2.Court case over Kenya's Biosafety Bill
NOTE: 'Go get a lawyer.' That quote (item 1) says it all about being a farmer in the GM crop era. Another lawyer quoted in the same piece says: 'Bayer Crop Science saw an opportunity'. They knew the European Union had a 'zero tolerance policy' toward GMO material, but 'they started pushing the limit. They gambled they'd get EU approval for this. They gambled with you [farmers].'
1.Genetic rice suit moving forward
By Christina Verderosa
DeWitt Era-Enterprise, 6 Feb 2008
The issue of genetically modified rice may have faded from the headlines, but attorneys at the Birmingham-based law firm, Hare, Wynn, Newton and Newell are actively pursuing a lawsuit over the August 2006 incident when small quantities of GMO rice were found in the Arkansas crop.
Last Wednesday, representatives of the firm updated local farmers at a meeting sponsored by the Arkansas Rice Growers’ Association on the status of the suit. The suit started out 'over a year ago, with 12 farmers from Lonoke County,' attorney Jim Thompson said. There are now 287 farm entities signed onto the suit. Thompson could not give a specific number, but said afterward there were 'several' from Arkansas County.
The suit names Bayer Crop Sciences who grew the GMO rice and Riceland Foods as defendants. Thompson said Bayer had the case removed from state court and sent to federal court. 'That was a delaying tactic,' Thompson said. The case is now back in Lonoke County Circuit Court.
Afterward, Thompson said he expects the case will go to trial this year. 'We're asking for a trial date before the year is out.' Despite the delay caused by sending the case to the federal court, 'we're pretty far along, considering that we lost a year.'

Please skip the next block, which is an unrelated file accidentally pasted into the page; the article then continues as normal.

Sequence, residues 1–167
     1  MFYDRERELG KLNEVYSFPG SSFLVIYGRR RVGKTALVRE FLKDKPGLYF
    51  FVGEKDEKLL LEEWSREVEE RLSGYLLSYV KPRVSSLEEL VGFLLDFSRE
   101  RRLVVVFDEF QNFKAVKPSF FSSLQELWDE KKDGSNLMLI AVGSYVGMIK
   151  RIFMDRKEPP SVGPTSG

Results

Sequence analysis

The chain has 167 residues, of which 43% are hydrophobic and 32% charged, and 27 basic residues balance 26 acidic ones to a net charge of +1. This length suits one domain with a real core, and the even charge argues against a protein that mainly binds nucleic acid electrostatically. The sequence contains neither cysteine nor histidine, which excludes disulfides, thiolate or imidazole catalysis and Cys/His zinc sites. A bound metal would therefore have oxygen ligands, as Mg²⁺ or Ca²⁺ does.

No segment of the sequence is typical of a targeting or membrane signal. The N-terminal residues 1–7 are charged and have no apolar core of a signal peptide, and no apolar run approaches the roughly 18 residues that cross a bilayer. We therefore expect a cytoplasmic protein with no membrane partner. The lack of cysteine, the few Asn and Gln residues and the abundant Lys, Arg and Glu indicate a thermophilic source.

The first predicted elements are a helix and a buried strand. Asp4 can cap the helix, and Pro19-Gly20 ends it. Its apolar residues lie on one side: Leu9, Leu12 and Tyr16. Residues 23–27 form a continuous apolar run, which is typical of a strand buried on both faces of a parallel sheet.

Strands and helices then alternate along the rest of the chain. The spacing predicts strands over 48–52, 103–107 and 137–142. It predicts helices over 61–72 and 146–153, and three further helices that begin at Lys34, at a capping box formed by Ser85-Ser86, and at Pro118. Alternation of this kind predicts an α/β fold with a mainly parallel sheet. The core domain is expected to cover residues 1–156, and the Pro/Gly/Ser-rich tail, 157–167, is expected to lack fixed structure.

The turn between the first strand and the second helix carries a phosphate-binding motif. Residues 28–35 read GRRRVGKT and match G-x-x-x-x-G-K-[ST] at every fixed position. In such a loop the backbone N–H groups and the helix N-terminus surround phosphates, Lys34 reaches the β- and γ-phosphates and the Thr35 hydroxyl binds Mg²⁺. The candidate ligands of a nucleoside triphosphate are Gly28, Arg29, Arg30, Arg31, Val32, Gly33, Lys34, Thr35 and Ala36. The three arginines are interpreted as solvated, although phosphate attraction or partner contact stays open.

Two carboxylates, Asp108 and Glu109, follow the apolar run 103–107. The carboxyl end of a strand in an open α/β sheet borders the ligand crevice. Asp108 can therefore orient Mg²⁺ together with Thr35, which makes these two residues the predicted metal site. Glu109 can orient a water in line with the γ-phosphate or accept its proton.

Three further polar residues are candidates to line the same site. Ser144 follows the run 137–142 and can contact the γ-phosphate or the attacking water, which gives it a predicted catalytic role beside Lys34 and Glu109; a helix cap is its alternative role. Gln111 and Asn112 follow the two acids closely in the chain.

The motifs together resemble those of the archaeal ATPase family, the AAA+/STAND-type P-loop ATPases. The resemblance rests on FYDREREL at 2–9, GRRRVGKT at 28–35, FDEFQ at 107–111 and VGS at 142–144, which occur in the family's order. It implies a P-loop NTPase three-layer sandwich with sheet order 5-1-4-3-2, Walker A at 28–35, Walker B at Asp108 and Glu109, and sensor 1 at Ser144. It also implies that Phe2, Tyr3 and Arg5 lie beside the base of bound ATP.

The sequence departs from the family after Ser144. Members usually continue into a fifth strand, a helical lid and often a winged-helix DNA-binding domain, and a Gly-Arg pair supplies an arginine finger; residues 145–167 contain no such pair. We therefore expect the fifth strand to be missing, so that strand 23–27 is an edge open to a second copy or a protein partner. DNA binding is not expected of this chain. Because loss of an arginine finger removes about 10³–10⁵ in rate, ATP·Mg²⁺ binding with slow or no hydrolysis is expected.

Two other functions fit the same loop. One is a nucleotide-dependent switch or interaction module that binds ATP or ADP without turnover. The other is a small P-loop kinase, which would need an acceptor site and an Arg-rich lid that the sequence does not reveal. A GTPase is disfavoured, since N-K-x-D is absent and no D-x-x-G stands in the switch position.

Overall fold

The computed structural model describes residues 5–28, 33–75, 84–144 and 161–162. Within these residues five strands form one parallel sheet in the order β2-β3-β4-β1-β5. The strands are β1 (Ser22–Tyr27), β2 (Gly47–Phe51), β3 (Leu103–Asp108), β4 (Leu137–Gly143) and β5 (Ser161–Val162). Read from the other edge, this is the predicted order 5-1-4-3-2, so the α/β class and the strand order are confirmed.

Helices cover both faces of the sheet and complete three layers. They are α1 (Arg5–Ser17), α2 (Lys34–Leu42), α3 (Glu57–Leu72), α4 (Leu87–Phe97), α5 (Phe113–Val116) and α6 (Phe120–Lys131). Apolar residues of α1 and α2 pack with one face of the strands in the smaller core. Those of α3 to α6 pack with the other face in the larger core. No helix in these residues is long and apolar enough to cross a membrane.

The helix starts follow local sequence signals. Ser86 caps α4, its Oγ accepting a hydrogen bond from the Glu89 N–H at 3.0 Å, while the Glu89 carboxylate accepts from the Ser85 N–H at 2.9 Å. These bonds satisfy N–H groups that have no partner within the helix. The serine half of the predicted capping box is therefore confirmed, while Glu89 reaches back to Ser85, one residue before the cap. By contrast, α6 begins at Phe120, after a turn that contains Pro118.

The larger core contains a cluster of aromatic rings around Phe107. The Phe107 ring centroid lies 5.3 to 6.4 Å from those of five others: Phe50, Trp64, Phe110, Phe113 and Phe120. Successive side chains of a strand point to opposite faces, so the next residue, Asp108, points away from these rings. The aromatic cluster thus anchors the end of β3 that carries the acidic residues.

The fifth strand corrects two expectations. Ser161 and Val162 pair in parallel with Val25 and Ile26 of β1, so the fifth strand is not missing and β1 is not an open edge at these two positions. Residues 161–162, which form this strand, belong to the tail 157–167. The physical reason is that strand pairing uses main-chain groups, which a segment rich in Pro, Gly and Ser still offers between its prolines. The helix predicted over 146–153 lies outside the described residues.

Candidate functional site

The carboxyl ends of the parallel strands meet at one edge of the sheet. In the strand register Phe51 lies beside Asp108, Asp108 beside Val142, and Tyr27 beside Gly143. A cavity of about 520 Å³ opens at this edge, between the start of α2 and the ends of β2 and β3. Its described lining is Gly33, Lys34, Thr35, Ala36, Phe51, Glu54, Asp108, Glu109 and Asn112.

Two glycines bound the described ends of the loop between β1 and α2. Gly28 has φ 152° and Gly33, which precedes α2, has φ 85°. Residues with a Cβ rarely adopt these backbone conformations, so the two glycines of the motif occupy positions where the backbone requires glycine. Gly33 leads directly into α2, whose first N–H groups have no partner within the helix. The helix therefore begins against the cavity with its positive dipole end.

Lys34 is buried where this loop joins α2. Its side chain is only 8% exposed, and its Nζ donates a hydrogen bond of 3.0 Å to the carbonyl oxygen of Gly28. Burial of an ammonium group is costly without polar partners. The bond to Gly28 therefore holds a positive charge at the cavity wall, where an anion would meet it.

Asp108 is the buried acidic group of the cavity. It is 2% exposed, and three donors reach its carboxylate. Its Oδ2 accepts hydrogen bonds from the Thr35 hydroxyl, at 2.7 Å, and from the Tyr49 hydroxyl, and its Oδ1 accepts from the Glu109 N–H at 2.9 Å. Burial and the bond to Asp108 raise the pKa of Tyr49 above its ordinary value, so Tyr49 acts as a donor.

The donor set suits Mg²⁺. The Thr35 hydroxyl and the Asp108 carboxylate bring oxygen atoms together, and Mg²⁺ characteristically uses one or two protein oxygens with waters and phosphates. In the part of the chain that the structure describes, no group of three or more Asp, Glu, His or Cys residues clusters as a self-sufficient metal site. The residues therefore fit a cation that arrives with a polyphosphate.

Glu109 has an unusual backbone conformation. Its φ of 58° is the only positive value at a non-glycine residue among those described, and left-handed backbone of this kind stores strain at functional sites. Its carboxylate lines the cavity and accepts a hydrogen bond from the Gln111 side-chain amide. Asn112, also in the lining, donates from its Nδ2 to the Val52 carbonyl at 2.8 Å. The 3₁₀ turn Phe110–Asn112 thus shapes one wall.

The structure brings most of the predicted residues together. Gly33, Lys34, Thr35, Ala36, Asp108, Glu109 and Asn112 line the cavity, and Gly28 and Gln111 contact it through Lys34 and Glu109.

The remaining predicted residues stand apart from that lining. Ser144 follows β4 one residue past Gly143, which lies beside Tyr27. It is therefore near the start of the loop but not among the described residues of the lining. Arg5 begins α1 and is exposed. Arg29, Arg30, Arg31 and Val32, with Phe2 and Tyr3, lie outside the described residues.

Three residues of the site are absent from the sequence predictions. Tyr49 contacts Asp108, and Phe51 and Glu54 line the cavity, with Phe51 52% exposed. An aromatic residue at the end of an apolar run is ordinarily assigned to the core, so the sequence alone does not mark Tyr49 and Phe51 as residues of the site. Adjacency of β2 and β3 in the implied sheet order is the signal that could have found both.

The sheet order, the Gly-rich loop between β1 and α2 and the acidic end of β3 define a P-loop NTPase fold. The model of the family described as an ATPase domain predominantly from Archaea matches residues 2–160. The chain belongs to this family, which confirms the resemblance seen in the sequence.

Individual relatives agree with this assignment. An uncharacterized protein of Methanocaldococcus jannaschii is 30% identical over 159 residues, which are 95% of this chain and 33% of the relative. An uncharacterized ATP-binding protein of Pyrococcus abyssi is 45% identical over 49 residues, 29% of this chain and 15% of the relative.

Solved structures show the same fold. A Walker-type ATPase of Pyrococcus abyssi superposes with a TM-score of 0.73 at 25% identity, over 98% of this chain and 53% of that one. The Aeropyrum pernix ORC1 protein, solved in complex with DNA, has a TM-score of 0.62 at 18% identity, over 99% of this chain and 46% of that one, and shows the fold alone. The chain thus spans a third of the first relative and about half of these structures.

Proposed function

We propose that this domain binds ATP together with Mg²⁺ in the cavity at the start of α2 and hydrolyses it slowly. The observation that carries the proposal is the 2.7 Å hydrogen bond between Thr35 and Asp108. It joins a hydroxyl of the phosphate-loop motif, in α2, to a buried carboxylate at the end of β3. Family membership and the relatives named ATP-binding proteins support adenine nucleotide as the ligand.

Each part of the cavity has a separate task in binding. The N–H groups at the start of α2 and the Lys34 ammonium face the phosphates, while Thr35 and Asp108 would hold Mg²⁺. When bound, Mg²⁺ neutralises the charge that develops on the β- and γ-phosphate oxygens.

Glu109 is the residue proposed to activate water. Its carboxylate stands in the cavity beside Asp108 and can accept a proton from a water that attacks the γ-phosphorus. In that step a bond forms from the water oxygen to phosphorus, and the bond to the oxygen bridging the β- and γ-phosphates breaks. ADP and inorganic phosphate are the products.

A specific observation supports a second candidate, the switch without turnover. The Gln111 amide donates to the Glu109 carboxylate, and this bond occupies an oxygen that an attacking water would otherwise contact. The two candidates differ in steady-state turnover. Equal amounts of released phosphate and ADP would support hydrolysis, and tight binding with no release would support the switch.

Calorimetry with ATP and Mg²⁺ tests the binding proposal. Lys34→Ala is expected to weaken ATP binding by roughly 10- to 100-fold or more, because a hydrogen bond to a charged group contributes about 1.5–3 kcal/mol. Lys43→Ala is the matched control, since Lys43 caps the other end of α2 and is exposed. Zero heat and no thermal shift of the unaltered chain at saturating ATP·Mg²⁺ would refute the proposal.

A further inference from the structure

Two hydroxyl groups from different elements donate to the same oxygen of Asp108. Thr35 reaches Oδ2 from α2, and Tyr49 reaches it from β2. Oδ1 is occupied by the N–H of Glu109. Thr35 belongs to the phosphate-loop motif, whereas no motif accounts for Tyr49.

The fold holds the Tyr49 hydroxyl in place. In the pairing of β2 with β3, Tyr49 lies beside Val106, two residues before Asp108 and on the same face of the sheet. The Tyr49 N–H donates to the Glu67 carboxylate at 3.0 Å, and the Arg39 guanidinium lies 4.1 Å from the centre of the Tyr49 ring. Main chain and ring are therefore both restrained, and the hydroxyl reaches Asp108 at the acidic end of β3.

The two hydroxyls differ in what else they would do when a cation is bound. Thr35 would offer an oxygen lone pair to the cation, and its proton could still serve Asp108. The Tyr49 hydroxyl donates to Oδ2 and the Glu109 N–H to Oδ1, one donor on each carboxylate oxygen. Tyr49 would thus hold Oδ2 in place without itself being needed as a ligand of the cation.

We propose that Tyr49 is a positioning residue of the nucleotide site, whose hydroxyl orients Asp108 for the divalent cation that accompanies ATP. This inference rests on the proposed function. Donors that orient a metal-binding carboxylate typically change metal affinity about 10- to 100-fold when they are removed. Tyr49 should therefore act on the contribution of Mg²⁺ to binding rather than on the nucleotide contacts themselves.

Paul Byrd from the firm's Little Rock office gave some of the background of the case. Red rice, a persistent problem for Arkansas rice farmers, was becoming more resistant to the herbicides used to kill it, so 'Bayer Crop Science saw an opportunity,' Byrd said. They knew the European Union had a 'zero tolerance policy' toward GMO material, but 'they started pushing the limit,' Byrd said.
'They gambled they'd get EU approval for this,' Byrd said. 'They gambled with you [farmers].'
Byrd also criticized Riceland for not making the presence of GMO material in Arkansas rice public sooner.
'What if you had that knowledge 30 days earlier?' Byrd asked. Farmers could then have taken action to segregate the Cheniere rice, where the GMO was detected. 'We lost an opportunity,' he said.
Thompson said Riceland has a 'fiduciary relationship' with its members, which makes it Riceland’s responsibility to look out for the interest of its members. 'They failed to uphold it.'
Attorney Jerry Kelly of Carlisle said, 'We're asking the hard questions, but they're fighting us tooth-and-nail.' Thompson encouraged all farmers effected to get involved. 'Go get a lawyer, even if you don't hire us.'
2.Body goes to court over Kenya's Biosafety Bill
Written by John Osoro
Africa Science News Service, 5 February 2008
A Kenyan Non-governmental organisation has gone to court to contest the enactment into law [of] the Biosafety Bill 2007 meant to regulate activities of genetically modified foods (GMOs) in the country.
The NGO contests that genetically modified foods would have health effects on the people and the country should not be allowed to pass into the law the Biosafety Bill 2007.
Africa Nature Stream, together with a group of 13 people have opposed the Bill Published by the Minister for Science and Technology Dr Noah Wekesa for enactment as an Act of Parliament to regulate the activities of modified organisms and further establish the National Biosafety Authority.